The awards celebrate everyone from household British names such as Charlotte Tilbury to smaller, niche labels like Balance Me. High-street heavyweights such as Sainsbury’s, Amazon and Marks & Spencer are also heavily involved, taking over dedicated pods to demonstrate products and new services to their industry peers.
“The big word for us right now is accessibility and the likes of Amazon and Sainsbury’s are making beauty more accessible and getting it to us quicker. Beauty is holding up the high street,” said Neville. “We would be the natural partner to fast-track that message. Some of them also join to be part of this beauty community. They have sat on the outside for so long, they want to come into it.”
She added that the CEW winner’s seal has become a “litmus test” of sorts for new products, and if a brand wins one of the accolades, sales both at retail and online can as much as triple.
Artificial intelligence companies have also been taking notice, according to Neville, and next year’s Awards will likely see new participants from the AI arena, including Procam, a mirror that allows you to try on different makeup styles, and Simplehuman, a sensor mirror that lights up with natural daylight.
The organization is also involved in new educational initiatives, including a white paper being prepared by the U.K.’s Cosmetics Cluster to examine the reasons behind the lack of access to beauty science education at university level.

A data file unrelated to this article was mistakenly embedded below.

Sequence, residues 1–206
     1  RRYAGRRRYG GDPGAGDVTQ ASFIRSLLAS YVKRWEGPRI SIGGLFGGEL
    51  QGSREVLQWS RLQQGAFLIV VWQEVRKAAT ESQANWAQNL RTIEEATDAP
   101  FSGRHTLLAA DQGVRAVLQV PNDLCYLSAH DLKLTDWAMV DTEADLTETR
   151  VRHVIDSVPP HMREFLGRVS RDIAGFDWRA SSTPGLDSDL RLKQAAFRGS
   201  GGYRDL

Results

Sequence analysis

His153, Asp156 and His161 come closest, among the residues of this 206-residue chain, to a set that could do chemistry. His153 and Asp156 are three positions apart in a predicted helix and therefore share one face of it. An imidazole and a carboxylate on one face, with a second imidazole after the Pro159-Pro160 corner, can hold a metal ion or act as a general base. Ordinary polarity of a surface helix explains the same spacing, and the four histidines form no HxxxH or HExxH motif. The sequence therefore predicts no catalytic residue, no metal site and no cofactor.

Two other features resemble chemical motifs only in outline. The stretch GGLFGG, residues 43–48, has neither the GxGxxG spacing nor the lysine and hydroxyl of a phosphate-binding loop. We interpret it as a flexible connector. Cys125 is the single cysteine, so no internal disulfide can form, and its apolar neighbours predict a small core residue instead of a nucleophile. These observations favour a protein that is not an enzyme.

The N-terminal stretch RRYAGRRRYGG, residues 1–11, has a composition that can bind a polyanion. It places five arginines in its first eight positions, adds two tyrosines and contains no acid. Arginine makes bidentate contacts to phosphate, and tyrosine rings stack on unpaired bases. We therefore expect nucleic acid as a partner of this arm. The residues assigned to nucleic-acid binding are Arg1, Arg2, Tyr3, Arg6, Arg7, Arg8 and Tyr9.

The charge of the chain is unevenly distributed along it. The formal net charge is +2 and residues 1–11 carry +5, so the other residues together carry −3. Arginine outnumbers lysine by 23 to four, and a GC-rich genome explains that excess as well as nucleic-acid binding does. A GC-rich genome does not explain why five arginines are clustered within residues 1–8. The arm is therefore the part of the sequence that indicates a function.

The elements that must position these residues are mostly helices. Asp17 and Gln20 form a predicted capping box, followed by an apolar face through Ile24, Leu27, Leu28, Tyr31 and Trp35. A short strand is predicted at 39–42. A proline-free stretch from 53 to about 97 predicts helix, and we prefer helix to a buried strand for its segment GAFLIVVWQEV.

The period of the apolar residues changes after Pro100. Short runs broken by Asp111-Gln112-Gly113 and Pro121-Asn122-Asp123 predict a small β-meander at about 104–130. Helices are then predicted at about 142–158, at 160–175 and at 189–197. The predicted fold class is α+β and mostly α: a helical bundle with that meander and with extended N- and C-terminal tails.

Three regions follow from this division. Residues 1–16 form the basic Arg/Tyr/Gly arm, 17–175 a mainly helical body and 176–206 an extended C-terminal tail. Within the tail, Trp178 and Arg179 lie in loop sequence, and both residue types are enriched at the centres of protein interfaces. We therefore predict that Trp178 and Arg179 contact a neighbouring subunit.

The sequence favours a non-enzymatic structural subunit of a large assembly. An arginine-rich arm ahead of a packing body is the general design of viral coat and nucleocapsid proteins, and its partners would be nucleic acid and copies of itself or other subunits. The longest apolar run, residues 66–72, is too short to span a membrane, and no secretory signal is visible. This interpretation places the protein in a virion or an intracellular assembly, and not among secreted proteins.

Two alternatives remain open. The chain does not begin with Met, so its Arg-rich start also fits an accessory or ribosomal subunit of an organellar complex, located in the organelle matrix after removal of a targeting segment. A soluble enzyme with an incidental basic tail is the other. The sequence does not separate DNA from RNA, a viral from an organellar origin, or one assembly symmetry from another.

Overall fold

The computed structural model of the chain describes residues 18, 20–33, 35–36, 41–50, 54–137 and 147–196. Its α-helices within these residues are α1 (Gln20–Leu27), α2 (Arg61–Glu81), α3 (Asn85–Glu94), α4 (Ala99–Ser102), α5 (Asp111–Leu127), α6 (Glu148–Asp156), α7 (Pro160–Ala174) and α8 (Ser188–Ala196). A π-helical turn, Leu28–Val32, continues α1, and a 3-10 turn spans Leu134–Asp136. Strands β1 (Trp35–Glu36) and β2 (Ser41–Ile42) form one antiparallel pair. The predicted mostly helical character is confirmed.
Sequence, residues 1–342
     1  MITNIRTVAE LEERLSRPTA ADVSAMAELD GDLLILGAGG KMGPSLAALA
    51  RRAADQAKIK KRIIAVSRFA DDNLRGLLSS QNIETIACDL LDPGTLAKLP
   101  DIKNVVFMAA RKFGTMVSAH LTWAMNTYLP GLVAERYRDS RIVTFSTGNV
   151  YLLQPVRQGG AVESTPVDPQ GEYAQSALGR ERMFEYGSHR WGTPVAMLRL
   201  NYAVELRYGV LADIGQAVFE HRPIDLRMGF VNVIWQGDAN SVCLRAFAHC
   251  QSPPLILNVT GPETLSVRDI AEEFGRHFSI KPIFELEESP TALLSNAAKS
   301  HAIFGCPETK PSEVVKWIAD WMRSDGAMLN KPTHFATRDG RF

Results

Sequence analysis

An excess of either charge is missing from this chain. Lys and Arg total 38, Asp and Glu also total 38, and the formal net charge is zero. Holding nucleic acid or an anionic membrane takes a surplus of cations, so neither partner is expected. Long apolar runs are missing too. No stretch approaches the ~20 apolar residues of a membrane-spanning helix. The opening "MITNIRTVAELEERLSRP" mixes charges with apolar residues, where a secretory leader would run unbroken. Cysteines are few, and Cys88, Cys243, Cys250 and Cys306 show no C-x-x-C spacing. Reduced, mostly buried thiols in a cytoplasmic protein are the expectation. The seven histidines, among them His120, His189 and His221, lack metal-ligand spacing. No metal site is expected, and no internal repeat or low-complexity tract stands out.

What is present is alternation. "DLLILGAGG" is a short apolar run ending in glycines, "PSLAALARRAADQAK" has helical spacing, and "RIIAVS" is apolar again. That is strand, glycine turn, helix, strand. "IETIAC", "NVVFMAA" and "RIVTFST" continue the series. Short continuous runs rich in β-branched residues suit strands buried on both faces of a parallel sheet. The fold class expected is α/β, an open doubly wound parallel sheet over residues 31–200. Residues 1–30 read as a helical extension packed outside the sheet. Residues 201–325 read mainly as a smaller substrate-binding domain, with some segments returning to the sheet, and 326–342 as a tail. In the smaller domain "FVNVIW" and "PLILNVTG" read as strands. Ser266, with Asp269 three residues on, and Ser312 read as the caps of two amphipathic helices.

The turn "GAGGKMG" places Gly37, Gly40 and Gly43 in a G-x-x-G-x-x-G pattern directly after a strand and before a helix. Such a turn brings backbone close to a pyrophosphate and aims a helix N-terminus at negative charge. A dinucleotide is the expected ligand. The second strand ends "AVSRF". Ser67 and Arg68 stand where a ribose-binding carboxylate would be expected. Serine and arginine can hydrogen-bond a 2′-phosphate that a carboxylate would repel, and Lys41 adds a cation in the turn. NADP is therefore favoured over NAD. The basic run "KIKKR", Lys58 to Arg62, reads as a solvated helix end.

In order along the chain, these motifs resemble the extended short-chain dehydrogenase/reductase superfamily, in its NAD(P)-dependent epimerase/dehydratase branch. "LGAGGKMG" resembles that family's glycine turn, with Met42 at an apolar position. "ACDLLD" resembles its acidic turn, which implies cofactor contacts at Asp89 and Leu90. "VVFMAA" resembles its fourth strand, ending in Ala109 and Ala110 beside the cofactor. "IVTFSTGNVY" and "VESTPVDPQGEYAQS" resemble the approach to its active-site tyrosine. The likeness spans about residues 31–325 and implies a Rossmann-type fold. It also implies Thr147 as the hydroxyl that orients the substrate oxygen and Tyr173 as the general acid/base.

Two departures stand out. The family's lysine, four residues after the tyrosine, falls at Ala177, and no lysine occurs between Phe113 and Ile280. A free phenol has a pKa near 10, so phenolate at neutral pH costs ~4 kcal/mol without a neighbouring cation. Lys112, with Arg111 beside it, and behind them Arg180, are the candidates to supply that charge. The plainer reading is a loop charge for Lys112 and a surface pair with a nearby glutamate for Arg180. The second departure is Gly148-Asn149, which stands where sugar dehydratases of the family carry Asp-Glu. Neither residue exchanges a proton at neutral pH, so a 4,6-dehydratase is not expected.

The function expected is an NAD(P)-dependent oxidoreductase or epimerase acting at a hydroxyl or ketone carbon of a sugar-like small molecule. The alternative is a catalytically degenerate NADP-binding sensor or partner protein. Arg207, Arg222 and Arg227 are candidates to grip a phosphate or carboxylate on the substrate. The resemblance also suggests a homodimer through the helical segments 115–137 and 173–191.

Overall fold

“People seem to fall into beauty, they don’t train for it. It’s not like design where you can go to the Royal College of Art or Central Saint Martins. So CEW fills the gap as much as it can, helping to train beauty executives,” said Neville.
That’s why hosting monthly mentoring sessions and educational talks, with speakers whose stories haven’t been heard before, has been a priority from the get-go.
“We had Evelyn Lauder as our first speaker and from then, we decided to set our stall out, just as we meant to go on. We wanted to be classy and reflect the beauty industry, so we went to Claridge’s,” Neville added.
Since then, the organization hosted talks on topics such as the future of makeup with Maybelline ambassador Jourdan Dunn; teamed with Amazon to talk about engaging Chinese beauty consumers; introduced the new charity initiative ‘Get Lippy’ at Harvey Nichols to encourage young women to talk about vaginal health, and partnered with the U.K. cosmetic trade association CTPA, to host panels that inform brands on the challenges of Brexit.